“If they do close it down, it’ll really be a slap in the face to rural people,” said Betty Clawson, co-owner, with husband Gary, of State Line Store, a service station that sits on Jefferson road on the Virginia side of the border. “We’ve owned this store since 1994, and having the post office just on the other side of the hill has been a blessing.”
Currently, the Grassy Creek Post Office serves some 500 local residents, and processes just under 1,000 pieces of mail per day. The office houses 38 P.O. Boxes, 22 of which are currently rented out, or about 58 percent.
The Postal Service has been considering numerous options to make its services more competitive in the digital age, and cut services, like rural Post Offices, that operate at a loss. As more businesses utilize the internet for their communications, first class mail has taken a hit. Combined with ever more competitive package delivery services by UPS and FedEx, the Postal Service is set to lose some $8.3 billion this year alone.
Monica Rabb, a communications coordinator for the United States Postal Service, said the USPS hopes to save $200 million by eliminating an as yet unknown number of post offices.
Rabb said the closure list was compiled by reviewing revenue generation, revenue trends over the past four years, customer accessibility to other locations within a specific geographical area, and operating costs and savings that would come from the elimination of the post office.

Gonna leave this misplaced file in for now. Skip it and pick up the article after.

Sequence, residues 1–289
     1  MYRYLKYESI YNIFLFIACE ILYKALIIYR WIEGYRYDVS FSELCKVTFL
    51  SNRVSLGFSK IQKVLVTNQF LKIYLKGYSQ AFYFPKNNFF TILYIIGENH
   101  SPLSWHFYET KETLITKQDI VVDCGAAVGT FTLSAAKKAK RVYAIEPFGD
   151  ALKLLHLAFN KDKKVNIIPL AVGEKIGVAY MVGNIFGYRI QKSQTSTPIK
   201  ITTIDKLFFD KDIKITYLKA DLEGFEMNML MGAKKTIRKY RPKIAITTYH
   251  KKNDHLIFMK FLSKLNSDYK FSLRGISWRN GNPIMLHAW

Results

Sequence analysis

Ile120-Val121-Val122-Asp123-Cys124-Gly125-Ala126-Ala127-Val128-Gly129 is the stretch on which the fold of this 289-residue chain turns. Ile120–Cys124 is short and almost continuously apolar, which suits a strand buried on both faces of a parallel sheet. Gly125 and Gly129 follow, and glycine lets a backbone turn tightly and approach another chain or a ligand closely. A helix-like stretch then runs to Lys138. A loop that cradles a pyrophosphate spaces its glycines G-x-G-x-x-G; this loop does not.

“The study will continue for 140 days at which time the Postal Service will open a public input period on the proposed changes that will last 60 days,” said Rabb.
North Carolina Senator Kay Hagan has championed the need to hear constituents in communities in danger of losing their Post Office since the postal service announced on July 26 that 20 North Carolina locations were on the chopping block.
In a press release dated Aug. 4, Senator Hagan sent a letter to Postmaster General Patrick Donahoe urging him to hear the concerns of residents in rural areas before any final decisions are made.
“Post Offices provide communities with more than just stamps and package pick-up services,” Hagan wrote. “Many Post Office locations are gathering centers and lifelines for the communities they serve. This is especially true for our rural communities in North Carolina, which seem to bear the brunt disproportionally of each economic challenge the nation encounters, including the current downturn.”
Echoing Hagan’s comments, Clawson said visiting the Grassy Creek Post Office was a part of her daily routine.
“Hardly a day goes by when I don’t drop in to send something off, and it’s so wonderful to be on a first name basis with the postmaster,” said Clawson. “If they shut it down, I think that community connection will be something we’ll miss. I’ll use the Mouth of Wilson Post Office sometimes, but it’s hard to build the same kind of connection when you have to consciously plan a trip.”
Clawson said during the summer, the Grassy Creek area swells with migrant workers that farm the area, and they use the post office “all the time,” to send money order, to pay bills, and send money back home to family in Mexico. Clawson also said the postmaster in Grassy Creek is a trusted member of their community.
“For many of the elderly people around here, getting out to send mail is a big ordeal. Going five miles down the road to another Post Office isn’t necessarily a big deal for young, healthy people, but it’s an ordeal for an elderly person who might only make one trip out a week. Those are the people they have to consider before they make any changes to the system,” said Clawson.